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The Limits of Reciprocity



    (Universidad de Málaga)


    (University of California, Los Angeles)


Besides meeting the Nash condition (Axelrod's so-called “collective stability†), an evolutionary equilibrium must be an attractor—either an evolutionary equilibrium point (EEP) or an evolutionary equilibrium region (EER). In this analysis of Prisoners' Dilemma and Chicken environments, the “archetype†strategies (COOPERATE and DEFECT in Prisoners' Dilemma and COWARD and DAREDEVIL in Chicken) were augmented by the “reactive†strategies TIT FOR TAT and BULLY—entering separately in 3 x 3 interactions and jointly in 4 x 4 interactions. An instant-response assumption was employed that stacked the deck somewhat in favor of TIT FOR TAT. Nevertheless, in no case was all-TIT FOR TAT ever an EEP, although some conditions generated a mixed EER with only “nice†behaviors represented. A credible model should imply an equilibrium in which both “mean†and “nice†behaviors are represented. Remarkably, none of the conditions postulated here led to such an outcome. This unsatisfying result suggests the importance of introducing a PUNISHER strategy as described elsewhere by the authors.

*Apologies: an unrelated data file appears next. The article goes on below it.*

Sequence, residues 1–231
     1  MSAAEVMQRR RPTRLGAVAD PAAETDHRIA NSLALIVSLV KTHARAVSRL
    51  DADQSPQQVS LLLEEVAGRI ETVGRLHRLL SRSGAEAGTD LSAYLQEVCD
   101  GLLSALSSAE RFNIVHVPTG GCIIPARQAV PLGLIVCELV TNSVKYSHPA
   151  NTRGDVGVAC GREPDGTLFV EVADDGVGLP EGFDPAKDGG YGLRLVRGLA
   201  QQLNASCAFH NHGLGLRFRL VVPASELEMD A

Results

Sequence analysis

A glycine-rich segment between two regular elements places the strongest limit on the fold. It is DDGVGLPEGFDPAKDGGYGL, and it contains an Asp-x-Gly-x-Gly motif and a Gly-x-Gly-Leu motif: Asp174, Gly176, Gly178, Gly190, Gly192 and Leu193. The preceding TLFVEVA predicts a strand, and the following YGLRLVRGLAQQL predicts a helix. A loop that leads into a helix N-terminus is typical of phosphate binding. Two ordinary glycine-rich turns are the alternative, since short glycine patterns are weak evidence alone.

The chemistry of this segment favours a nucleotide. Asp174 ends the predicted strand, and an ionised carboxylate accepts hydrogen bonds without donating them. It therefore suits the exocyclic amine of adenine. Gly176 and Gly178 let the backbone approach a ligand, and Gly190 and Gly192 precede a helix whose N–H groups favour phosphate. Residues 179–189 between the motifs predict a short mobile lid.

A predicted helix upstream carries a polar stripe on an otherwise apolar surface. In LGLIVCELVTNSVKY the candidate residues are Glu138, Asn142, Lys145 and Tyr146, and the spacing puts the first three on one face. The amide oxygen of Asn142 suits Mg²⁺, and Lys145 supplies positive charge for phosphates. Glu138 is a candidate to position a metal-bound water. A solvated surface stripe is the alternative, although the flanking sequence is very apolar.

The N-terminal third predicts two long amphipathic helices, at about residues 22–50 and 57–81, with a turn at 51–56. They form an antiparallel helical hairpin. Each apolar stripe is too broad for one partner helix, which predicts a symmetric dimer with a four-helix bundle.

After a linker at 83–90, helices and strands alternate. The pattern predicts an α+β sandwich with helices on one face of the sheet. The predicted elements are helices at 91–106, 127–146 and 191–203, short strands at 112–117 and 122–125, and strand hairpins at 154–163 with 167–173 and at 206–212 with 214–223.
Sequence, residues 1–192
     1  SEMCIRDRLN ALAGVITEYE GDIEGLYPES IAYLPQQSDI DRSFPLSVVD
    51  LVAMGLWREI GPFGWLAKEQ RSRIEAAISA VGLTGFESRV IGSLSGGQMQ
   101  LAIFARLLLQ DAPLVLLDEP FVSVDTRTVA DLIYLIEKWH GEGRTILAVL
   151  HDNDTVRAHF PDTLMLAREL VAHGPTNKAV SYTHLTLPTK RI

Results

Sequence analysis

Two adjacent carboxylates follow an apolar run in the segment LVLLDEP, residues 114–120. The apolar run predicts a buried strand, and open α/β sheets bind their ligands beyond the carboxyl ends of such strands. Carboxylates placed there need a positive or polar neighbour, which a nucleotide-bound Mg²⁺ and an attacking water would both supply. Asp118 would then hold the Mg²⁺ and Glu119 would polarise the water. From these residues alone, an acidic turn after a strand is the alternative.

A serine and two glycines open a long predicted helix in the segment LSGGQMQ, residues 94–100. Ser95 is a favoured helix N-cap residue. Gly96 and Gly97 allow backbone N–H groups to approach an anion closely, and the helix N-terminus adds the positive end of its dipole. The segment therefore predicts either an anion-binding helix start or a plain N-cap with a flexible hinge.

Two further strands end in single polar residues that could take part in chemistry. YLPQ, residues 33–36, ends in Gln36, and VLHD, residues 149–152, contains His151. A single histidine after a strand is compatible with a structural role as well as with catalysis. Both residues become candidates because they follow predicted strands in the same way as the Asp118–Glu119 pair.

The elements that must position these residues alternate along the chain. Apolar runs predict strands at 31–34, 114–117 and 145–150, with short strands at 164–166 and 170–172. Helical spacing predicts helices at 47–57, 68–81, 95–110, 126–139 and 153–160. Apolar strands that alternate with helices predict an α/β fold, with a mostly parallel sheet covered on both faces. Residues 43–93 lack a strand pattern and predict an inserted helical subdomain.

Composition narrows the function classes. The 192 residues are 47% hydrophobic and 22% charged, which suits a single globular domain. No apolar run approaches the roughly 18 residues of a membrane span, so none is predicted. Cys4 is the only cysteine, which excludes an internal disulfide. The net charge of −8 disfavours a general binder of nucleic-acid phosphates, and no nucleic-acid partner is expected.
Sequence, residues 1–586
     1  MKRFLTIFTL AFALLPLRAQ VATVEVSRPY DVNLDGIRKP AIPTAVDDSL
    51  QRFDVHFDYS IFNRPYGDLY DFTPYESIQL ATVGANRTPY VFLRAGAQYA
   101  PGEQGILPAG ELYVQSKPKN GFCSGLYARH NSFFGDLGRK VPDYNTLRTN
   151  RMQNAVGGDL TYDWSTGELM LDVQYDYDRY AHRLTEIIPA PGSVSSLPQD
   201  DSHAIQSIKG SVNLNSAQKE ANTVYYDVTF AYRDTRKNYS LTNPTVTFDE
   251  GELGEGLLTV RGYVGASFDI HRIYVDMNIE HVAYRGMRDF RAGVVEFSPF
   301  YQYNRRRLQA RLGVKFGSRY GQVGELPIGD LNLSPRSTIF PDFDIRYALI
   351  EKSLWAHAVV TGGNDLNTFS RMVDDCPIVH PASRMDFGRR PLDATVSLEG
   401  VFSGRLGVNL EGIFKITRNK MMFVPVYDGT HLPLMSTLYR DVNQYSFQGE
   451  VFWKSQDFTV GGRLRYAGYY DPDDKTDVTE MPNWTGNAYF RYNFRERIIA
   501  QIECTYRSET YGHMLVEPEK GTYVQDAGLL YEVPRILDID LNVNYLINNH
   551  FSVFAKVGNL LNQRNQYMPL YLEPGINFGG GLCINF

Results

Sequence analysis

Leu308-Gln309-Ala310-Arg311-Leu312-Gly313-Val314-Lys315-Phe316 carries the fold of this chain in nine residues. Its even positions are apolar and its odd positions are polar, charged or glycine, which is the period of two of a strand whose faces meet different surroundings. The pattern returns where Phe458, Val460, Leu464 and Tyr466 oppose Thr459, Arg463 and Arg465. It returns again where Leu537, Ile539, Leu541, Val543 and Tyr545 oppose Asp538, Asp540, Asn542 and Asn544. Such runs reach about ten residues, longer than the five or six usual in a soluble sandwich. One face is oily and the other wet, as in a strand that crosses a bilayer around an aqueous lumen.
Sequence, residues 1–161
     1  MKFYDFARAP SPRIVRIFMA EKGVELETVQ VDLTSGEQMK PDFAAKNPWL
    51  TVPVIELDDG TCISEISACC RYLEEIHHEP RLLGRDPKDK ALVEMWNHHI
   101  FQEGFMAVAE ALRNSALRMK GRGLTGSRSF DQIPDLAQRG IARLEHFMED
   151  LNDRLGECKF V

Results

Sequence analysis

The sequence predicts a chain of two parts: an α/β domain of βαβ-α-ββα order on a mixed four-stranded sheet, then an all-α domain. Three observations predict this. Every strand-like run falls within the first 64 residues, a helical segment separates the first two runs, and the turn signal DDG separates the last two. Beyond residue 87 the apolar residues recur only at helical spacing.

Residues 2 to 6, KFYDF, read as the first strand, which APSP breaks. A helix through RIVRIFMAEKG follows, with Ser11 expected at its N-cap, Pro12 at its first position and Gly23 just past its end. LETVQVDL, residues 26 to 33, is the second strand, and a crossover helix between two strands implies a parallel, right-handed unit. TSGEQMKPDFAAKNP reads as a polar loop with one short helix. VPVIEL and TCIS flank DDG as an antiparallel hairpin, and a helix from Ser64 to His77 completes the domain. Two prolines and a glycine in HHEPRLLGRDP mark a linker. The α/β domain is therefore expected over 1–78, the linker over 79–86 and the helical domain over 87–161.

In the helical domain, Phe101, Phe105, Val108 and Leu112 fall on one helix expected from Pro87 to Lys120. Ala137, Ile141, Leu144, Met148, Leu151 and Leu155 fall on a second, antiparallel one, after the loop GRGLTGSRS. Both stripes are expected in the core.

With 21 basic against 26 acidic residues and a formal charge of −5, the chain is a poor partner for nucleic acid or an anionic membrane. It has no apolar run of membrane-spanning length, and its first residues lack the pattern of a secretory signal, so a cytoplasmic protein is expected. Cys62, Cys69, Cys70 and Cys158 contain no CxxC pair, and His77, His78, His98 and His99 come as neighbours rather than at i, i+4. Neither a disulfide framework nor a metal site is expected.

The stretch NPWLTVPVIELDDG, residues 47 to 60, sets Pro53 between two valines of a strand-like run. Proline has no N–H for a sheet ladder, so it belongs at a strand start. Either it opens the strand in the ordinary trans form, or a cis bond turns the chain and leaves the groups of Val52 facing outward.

Suggested Citation

  • Juan Carlos Martinez Coll & Jack Hirshleifer, 1991. "The Limits of Reciprocity," Rationality and Society, , vol. 3(1), pages 35-64, January.
  • Handle: RePEc:sae:ratsoc:v:3:y:1991:i:1:p:35-64

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    Cited by:

    1. J. Atsu Amegashie & Marco Runkel, 2012. "The Paradox of Revenge in Conflicts," Journal of Conflict Resolution, Peace Science Society (International), vol. 56(2), pages 313-330, April.
    2. Jack Hirshleifer, 1992. "The Affections and the Passions: Their Economic Logic," UCLA Economics Working Papers 652, UCLA Department of Economics.
    3. Bruni, Luigino & Smerilli, Alessandra, 2010. "Cooperation and diversity. An evolutionary approach," MPRA Paper 20564, University Library of Munich, Germany.
    4. Angelo Antoci & Alexia Delfino & Fabio Paglieri & Fabio Sabatini, 2016. "The ecology of social interactions in online and offline environments," Papers 1601.07776,
    5. Poulsen, A., 2001. "Reciprocity, Materialism and Welfare: An Evolutionary Model," Papers 01-3, Aarhus School of Business - Department of Economics.
    6. Amegashie, J. Atsu & Runkel, Marco, 2008. "The Desire for Revenge and the Dynamics of Conflicts," MPRA Paper 6746, University Library of Munich, Germany.
    7. Angelo Antoci & Pier Sacco & Luca Zarri, 2004. "Coexistence of Strategies and Culturally-Specific Common Knowledge: An Evolutionary Analysis," Journal of Bioeconomics, Springer, vol. 6(2), pages 165-194, May.

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